Wesfarmers boss Richard Goyder.WESFARMERS says it is “generally optimistic in its outlook” and its flagship retail arm is well positioned, as its half-year retail earnings grow while coal, chemicals and fertilisers earnings slide.
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After surging to multiyear highs on Wednesday, shares on Thursday fell by 1.9 per cent in early trade to $45.03 on news Wesfarmers reported a December-half net profit fall of 3.7 per cent to $1.376 billion, in line with market forecasts.

But net profit from continuing operations rose by 8.3 per cent and total revenue grew by 0.4 per cent to $31.97 billion. Group earnings before interest and tax rose by 5.9 per cent to $2.1 billion.

The Western Australian company owns retailers – supermarket Coles, hardware chain Bunnings, office supply business Officeworks, and discounters Kmart and Target – plus businesses in resources, chemicals, energy and fertiliers, and industrial safety.

Deutsche Bank said while the result was largely in line with its expectations, Coles food and liquor was weaker than it expected and Bunnings was “also disappointing.”

“The read through for Woolworths is difficult but the slowdown in Coles’ total sales growth does not suggest Woolworths lost substantial market share,” analyst Michael Simotas said.

Resources was hard hit by the slide in coal prices, posting a 40.7 per cent annual slide in earnings before interest to $35 million, and chief executive Richard Goyder said “at current commodity prices the external trading environment is expected to remain challenging.”

“As the domestic economy transitions from a period of reliance on high levels of resource investment, the group is generally optimistic in its outlook,” Mr Richard Goyder said.

“The group’s portfolio of retail businesses positioned well in an environment where, notwithstanding low interest rates and recent declines in fuel prices, consumers continue to manage house hold budgets carefully.

“Wesfarmers will continue to actively develop and manage its portfolio of businesses, maintaining a strong balance sheet in order to take advantage of opportunities, should they arise, to support the delivery of satisfactory long-term returns.”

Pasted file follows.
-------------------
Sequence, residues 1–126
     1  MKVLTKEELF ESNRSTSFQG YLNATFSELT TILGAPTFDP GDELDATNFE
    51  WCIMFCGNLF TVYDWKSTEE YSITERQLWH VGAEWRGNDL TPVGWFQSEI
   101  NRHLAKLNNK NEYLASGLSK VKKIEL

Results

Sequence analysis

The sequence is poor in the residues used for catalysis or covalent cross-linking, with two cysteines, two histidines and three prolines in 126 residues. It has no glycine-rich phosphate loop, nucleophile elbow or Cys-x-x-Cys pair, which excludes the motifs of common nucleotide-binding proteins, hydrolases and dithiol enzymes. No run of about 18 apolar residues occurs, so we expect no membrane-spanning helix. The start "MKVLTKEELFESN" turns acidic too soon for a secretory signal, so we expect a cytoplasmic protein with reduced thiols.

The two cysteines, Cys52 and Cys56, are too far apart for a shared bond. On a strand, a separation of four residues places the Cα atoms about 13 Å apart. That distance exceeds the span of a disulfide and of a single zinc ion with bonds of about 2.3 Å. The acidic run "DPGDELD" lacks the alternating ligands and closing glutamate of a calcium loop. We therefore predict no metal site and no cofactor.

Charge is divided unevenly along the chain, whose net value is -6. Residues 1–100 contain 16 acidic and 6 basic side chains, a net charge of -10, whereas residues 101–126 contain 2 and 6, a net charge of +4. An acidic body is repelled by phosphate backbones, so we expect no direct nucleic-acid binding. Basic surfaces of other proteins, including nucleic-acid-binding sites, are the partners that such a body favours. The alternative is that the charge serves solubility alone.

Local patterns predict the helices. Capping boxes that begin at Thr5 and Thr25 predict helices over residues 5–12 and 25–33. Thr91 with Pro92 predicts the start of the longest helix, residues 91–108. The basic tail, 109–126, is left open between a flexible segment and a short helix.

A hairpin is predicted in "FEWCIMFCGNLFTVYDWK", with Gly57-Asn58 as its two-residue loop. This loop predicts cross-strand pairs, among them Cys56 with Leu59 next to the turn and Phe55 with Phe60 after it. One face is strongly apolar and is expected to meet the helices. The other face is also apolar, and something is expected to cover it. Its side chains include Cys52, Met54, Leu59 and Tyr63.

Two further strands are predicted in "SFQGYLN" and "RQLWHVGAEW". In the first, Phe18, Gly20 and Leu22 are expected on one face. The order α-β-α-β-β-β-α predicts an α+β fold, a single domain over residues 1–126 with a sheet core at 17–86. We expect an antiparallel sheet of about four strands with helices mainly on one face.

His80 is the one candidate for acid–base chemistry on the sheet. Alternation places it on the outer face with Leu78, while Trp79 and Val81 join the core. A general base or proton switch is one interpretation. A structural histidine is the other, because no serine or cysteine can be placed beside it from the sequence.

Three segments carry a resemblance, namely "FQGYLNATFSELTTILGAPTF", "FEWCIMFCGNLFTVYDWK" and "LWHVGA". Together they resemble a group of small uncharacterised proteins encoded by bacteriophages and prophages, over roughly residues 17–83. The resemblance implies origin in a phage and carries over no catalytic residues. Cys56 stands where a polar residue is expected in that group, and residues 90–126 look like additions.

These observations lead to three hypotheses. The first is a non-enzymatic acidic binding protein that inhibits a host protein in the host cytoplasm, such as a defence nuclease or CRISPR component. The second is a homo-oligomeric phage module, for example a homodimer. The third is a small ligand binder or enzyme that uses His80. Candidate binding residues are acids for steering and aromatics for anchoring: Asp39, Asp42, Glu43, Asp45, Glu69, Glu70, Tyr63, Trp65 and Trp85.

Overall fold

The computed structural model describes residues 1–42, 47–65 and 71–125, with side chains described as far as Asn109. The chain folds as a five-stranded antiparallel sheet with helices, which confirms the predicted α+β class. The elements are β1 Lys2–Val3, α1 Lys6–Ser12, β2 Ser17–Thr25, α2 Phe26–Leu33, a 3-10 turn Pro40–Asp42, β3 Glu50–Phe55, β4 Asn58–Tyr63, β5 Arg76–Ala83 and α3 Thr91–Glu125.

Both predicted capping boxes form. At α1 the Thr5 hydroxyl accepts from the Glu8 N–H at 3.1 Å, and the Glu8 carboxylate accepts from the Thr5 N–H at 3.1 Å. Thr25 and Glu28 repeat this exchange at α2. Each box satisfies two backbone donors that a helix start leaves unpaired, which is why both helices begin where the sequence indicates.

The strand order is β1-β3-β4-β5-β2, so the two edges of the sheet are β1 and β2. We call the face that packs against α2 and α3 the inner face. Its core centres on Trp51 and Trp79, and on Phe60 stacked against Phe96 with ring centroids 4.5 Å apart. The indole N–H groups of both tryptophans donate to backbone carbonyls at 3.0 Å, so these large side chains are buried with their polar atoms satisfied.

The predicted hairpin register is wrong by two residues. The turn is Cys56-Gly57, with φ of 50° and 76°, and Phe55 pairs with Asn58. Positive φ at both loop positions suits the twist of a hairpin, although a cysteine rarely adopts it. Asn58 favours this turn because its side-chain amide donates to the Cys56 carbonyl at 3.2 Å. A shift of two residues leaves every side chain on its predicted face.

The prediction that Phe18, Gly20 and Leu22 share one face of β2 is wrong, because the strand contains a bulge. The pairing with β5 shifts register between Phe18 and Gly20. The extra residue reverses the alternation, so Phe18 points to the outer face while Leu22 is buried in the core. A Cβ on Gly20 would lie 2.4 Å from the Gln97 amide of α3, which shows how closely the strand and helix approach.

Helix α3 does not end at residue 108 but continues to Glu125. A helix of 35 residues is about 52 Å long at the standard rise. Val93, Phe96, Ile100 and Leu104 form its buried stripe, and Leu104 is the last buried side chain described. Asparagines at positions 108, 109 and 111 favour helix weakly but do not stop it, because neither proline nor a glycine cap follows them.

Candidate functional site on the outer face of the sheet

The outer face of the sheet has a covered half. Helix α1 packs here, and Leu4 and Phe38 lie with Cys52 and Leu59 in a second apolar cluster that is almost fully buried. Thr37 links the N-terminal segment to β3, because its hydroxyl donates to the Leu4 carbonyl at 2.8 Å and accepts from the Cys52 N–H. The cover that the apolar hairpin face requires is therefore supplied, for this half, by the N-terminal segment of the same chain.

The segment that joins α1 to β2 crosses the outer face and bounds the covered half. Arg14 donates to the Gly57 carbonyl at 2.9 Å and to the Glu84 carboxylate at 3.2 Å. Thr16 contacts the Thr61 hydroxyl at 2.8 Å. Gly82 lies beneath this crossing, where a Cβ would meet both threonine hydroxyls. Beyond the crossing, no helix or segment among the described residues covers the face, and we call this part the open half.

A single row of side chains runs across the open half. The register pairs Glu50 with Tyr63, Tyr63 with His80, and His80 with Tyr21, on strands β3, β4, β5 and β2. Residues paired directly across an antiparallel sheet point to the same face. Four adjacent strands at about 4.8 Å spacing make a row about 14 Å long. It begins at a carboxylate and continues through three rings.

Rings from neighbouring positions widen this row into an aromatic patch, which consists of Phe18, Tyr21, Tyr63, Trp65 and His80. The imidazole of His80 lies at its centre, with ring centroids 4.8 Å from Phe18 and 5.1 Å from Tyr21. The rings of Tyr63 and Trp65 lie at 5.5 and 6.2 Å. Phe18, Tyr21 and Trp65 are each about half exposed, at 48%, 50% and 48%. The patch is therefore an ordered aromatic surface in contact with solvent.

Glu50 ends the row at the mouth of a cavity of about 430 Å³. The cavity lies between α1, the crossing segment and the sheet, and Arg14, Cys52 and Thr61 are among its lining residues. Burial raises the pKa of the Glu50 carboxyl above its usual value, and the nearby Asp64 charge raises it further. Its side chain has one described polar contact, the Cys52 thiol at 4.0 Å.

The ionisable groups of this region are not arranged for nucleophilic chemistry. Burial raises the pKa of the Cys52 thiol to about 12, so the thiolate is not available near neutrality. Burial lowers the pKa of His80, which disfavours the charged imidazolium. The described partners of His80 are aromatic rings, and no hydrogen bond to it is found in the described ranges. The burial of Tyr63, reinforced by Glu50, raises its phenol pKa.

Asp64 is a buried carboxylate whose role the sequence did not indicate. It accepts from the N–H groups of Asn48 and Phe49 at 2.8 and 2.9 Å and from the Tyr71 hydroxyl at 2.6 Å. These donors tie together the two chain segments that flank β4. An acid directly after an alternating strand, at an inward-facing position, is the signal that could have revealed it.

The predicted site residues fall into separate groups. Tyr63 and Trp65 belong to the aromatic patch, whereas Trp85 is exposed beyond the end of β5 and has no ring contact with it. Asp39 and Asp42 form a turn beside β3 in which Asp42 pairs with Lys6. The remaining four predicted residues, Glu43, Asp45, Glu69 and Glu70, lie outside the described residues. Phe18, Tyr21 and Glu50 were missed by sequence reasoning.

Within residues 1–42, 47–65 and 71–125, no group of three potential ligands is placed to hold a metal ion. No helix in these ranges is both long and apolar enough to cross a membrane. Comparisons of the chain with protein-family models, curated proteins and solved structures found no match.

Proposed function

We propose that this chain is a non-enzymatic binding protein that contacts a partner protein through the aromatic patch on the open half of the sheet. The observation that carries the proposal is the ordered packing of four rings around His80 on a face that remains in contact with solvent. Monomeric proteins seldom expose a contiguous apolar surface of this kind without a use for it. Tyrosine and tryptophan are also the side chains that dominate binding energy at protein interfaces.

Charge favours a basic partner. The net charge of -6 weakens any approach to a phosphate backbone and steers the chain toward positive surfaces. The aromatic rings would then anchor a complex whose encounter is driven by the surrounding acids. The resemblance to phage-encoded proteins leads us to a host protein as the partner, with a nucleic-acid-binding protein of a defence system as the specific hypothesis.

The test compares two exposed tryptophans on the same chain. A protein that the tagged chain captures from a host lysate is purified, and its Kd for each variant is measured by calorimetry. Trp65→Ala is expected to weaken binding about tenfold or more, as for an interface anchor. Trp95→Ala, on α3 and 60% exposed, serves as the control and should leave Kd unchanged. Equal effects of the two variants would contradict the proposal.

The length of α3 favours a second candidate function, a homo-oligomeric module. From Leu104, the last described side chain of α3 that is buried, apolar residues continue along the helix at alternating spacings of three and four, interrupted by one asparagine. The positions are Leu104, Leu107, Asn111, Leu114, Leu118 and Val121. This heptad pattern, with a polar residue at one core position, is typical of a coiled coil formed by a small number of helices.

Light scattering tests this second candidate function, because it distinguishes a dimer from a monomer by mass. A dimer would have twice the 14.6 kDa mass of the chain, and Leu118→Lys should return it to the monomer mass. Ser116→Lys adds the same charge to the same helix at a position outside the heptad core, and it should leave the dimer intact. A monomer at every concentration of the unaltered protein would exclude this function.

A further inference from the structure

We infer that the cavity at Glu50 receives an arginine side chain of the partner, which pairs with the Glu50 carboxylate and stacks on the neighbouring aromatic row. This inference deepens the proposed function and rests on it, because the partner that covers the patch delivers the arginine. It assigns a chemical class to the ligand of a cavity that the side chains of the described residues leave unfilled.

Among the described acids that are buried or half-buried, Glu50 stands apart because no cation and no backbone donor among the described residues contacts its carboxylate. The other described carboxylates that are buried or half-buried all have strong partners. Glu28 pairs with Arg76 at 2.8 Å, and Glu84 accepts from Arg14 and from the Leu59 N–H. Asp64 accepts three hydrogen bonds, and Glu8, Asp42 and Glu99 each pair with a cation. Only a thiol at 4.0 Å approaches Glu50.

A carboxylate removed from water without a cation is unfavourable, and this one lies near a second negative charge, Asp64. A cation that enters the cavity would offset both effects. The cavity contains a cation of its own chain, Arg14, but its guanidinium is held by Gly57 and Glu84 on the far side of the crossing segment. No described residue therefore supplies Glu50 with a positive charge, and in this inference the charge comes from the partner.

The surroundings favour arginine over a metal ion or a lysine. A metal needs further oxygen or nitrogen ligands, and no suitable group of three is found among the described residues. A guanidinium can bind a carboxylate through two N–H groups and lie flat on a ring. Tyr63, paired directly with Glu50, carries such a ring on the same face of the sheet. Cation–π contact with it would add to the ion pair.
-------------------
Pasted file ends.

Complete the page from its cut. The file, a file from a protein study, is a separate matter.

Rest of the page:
Coles posted a 7.1 per cent increase in year-on-year earnings before interest and tax for the first half, to $895 million, with food and liquor revenue up 5.3 per cent to $15.56 billion. For the December quarter, food and liquor sales increased by 4.9 per cent to $8.5 billion, with same-store sales up 4 per cent – the latter result in line with this week’s Morgan Stanley forecasts.

“Food and liquor price deflation was 0.7 per cent for the first half and 0.9 per cent in the second quarter,” Wesfarmers said. “Ongoing improvements in productivity and operational efficiencies funded greater investment in lower selling prices, driving increased customer transactions, volume, average basket size and sales density.”

Costs associated with its legal battle with the competition regulator – in which Coles agreed in December to pay $10 million in penalties after admitting to 15 instances of unconscionable conduct against eight suppliers – were “offset by lower electricity costs and a one-off increase in other income.”

Concerns about growth in the supermarket sector were raised when Bureau of Statistics figures showed supermarket and grocery store sales grew by just 3.7 per cent in the key month of December, seasonally adjusted, from 7.2 per cent growth in November.

The Coles Liquor business, the subject of some consternation among analysts as it battles market leader Dan Murphy’s, had a “challenging first half”.

Revenue at Coles Express fell by 6 per cent year on year to $3.9 billion, due to falling fuel volumes and an undertaking to the Australian Competition and Consumer Commission that it would limit discounts on fuel linked to supermarket purchases to 4¢ a litre.

Hardware chain Bunnings, meanwhile, reported a 10 per cent lift in first-half earnings before interest and tax to $618 milllion, as same-store sales increased by 9.1 per cent.

“Twenty new Bunnings Warehouse stores are expected to open in the 2015 financial year, with similar numbers forecast for the following year. Investment in the network and business infrastructure will be complemented by a continued focus on efficient capital management to maintain return on capital levels.”

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